Here I am, the night before Christmas, thinking about what I'm going to do with the high-definition camcorder I bought myself. Naturally, I am going to use it to share some HD video on this site to spice up reviews and so on. The problem lies in how to get that large amount of content from the server to your display.
Of course there are tons of video sharing and hosting services out there but not many support HD. Furthermore, the sites that do support HD video don't let you embed that HD within your site. For example, after a brief email exchange with someone at Vimeo, it was confirmed that HD consumes too much bandwidth to let Vimeo users embed it on their site and currently only SD content is embedable. The rest of this post is the type of thing that goes through my mind when I have a realistically achievable idea.
AudienceIndependent publishers looking for a bulletproof and quick solution to serving up high-definition content on their website. These users don't care what is involved as long as it is reasonably easy, holds an uptime SLA and is fast. As such, they don't mind paying bandwidth and membership/service fees.
These independent publishers could be anyone from professional bloggers to blogging networks and even larger publishing houses like newspapers expanding online. Example uses include publishing HD video interviews, product reviews, and anything else video is currently used for, in higher quality.
Value PropReliable and fast high-definition video embedable within any site and the ability to fully-customize encoding, resolution, bit-rate, et cetera. Since HD content is too large resolution-wise to fit as a direct embed on most sites, content will likely be displayed in a lightbox format laid over the site when activated.
- Amazon S3 for storage and hosting
- Amazon EC2 for converting videos through ffmpeg
- Flowplayer or a homebrew flash player to display the resulting .flv files, with ability to degrade gracefully to SD or lower HD for users on slower connections
- Web interface for uploading videos, inputting ffmpeg video encoding parameters for more advanced users, managing video statistics (views, downloads, et cetera)
Business PlanThere are several routes to take for monetizing the service. When dealing with HD content, I don't think anything can be offered for free. We're talking about a lot of bandwidth consumption here. However, since the intended users are more professional than the average consumer they won't mind paying one of the following:
- a) a flat rate membership fee with various tiers depending on their average traffic/bandwidth
- b) a DIY route with the user supplying their own Amazon AWS credentials and X.509 certificate for this service to use their own AWS account AND a standard monthly or yearly membership fee.
The latter (b) would be geared towards more tech-savvy users that feel better having their content easily accessible on their own AWS account. Furthermore, they could setup a CNAME to have the content appear to be served from their domain and remain brand-friendly.
The Time is RightThe latest beta of Adobe Flash 9 player supports the H.264 video codec for HD content in addition to HE-AAC for audio. This means less CPU is required to play superb 1080p full-HD content. However, since not all people can display such a large 1080p video on their screen without downscaling, this proposed service would be smart enough to detect capabilities and load the proper size or load a user-selected size (480, 720, 1080).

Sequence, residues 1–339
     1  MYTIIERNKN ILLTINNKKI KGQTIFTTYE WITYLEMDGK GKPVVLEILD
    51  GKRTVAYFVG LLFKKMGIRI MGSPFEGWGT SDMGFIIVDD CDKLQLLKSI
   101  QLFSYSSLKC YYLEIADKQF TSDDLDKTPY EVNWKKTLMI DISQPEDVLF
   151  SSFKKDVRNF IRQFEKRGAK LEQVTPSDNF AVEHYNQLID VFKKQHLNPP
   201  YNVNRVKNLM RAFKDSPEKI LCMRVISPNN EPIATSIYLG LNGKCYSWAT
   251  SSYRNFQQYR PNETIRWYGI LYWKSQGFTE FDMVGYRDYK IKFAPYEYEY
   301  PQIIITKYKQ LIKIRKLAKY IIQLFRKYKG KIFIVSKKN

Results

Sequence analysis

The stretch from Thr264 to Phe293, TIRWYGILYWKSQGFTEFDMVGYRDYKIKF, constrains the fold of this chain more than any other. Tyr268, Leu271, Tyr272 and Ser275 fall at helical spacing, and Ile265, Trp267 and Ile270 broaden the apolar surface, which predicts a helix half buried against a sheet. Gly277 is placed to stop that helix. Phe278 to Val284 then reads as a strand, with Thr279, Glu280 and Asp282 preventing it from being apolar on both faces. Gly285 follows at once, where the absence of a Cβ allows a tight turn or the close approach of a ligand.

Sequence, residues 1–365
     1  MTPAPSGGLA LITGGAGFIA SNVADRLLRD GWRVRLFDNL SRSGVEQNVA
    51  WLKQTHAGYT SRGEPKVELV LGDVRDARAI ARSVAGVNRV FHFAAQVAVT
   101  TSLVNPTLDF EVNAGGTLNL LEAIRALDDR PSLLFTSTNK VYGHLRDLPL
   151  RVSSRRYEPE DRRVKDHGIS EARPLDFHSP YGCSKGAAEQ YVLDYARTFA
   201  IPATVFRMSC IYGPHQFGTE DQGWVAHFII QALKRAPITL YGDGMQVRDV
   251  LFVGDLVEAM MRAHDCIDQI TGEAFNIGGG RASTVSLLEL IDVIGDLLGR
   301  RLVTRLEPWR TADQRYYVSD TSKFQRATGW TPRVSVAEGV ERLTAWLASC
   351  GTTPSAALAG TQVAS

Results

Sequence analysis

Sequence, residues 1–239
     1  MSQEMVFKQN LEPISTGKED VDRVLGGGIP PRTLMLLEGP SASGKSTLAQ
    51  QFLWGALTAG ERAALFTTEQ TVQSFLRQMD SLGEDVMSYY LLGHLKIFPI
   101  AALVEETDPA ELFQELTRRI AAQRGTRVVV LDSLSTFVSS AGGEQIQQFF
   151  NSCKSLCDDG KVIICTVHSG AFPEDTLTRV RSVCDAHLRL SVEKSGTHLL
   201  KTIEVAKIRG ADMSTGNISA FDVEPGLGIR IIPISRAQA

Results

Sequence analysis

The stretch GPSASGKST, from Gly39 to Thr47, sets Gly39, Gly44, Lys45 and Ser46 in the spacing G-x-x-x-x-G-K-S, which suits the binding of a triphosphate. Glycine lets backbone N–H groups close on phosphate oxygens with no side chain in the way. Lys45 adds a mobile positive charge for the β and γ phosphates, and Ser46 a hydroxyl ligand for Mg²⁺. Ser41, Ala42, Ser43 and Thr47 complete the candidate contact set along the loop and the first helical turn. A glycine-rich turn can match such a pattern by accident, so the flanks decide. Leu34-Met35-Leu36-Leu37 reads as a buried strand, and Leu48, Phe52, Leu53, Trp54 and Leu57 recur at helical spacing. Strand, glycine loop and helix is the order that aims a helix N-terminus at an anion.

HD content can saturate an Internet connection by consuming over 2,000 kbps. Fortunately, the Internet populace is more prepared for this now than in past years. As a last resort users can always opt for an SD video or wait and buffer the HD version.
Check out Adobe's HD gallery to see the capabilities of the latest flash player combined with superb HD content. Imagine watching video close-ups of the latest gadget and actually being able to discern fine details, contours and more, rather than a 400px wide fuzzy video.
Digital Web Magazine has a great article about HD Flash for the web and The New York Times had a recent article regarding upcoming Intel processors with the SSE4 instruction set that facilitate video compression and HD content viewing.
DevelopmentA rough draft could get off the ground with ~6 months of development time and 4-5 hackers working off of 150k of initial funding, not including capital spent on potential partnerships with related companies using technologies this service could benefit from (ex, if Adobe had some great service to facilitate server-side video encoding).
Potential SnagsHD sounds expensive and it is. Lots of bandwidth, lots of storage and lots of processing power will be required from the get-go. Usually startups don't have to deal with scaling until some time later, not so with any HD venture. Fortunately, this service can benefit immensely by outsourcing the hard stuff to Amazon, but it's not free.
The prospective user-base is fairly niche but as HD becomes the de facto standard on the web, small publishers generally devoid of IT prowess will rely on this service. Proving to those publishers that the value prop of this service is right for them will be easy but finding the perfect price point will be tricky to say the least.
Acquiring funding might be a challenge as well since unlike every other startup out there now, the main website won't be getting too much traffic. It would serve only as an interface for the publishers to upload videos and look over stats/settings. While the concept could evolve into a HD video-sharing site, that's definitely not the initial purpose and would waste more bandwidth than necessary.
ThoughtsDo you think this has merit? The web is naturally moving to high-quality this and that, with video most-definitely taking the hot seat. If you were a small, independent publisher and wanted to serve HD video reviews, news, and so on to your readers, would you use this service?